Does man become divorced from himself by searching for meaning? Is that it? I can see that, too, because we humans are pattern makers above all. We detect patterns, sometimes even where there are none. So we can lead ourselves up the garden path and lose ourselves in metaphysics and lose the simple truth of setting ourselves free to Become. Maybe.
I looked up Heidegger’s personal life. His Wikipedia entry describes he personal life this way:
Heidegger married Elfride Petri in 1917. Their first son, Jörg, was born in 1919. Elfride then gave birth to Hermann in 1920. Heidegger knew that he was not Hermann’s biological father but raised him as his son. Hermann’s biological father, who became godfather to his son, was family friend and doctor Friedel Caesar.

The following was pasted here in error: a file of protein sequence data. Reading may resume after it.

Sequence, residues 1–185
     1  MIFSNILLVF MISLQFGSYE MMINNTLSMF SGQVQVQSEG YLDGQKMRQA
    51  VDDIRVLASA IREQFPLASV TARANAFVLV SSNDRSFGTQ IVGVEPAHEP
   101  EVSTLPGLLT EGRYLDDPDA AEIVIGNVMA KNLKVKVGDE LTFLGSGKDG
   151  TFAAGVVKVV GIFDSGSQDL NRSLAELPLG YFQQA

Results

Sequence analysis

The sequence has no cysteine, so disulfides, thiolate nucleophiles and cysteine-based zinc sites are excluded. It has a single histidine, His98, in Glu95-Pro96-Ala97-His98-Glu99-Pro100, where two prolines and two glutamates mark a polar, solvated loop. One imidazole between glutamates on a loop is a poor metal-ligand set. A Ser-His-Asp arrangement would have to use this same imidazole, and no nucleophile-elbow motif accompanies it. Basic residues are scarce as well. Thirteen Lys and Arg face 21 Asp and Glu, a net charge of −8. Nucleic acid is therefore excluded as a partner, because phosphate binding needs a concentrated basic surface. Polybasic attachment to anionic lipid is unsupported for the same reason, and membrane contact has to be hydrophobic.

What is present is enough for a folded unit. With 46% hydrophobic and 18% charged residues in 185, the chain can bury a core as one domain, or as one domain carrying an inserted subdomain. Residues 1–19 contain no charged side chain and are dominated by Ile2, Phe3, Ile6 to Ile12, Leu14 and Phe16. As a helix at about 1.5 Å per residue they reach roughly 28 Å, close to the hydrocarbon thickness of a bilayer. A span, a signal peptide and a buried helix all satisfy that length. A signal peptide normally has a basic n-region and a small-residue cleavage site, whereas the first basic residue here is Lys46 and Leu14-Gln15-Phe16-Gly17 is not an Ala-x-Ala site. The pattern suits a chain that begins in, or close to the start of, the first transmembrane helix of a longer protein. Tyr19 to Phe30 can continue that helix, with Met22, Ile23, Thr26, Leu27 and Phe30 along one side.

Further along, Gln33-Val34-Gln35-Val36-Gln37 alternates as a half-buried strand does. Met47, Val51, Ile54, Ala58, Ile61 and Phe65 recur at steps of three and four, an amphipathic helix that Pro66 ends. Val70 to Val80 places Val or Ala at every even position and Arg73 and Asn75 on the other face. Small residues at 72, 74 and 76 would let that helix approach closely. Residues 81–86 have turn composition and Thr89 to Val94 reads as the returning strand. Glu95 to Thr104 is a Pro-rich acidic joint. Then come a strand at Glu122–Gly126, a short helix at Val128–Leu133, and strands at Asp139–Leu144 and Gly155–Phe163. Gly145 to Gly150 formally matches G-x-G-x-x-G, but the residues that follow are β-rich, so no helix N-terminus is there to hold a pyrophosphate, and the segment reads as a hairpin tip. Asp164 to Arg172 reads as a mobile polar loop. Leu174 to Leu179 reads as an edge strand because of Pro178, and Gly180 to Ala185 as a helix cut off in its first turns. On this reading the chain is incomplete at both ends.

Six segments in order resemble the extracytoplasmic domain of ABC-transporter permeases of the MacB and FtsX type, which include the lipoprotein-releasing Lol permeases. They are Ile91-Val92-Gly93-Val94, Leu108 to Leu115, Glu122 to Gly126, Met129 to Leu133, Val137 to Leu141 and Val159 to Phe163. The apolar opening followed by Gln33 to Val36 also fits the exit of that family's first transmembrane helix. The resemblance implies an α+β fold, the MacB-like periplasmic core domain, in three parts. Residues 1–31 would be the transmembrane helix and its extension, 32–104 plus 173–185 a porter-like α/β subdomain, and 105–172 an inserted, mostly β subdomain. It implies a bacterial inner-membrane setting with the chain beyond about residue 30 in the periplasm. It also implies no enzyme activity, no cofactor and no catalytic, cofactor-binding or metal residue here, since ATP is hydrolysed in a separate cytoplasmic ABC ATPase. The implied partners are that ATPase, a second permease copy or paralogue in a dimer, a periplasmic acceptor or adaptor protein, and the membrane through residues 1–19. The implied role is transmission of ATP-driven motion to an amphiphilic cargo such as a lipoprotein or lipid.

Heidegger had a long romantic relationship with Hannah Arendt and a steamy affair (over many decades) with Elisabeth Blochmann, both students of his. Arendt was Jewish, and Blochmann had one Jewish parent, making them subject to severe persecution by the Nazi authorities. He helped Blochmann emigrate from Germany before the start of World War II and resumed contact with both of them after the war.Heidegger’s letters to his wife contain information about several other affairs of his.
Voegelin, on the other hand, married and as far as I can see, had neither affairs nor divorces. I can cut all this philosophising down to size and say that Heidegger was drawn to go downwards to the brute essence, looking outward like an animal because that is what he was attracted to. Voegelin had a different temperament and looked for the Divine in the everyday. Maybe it was just a difference of temperament.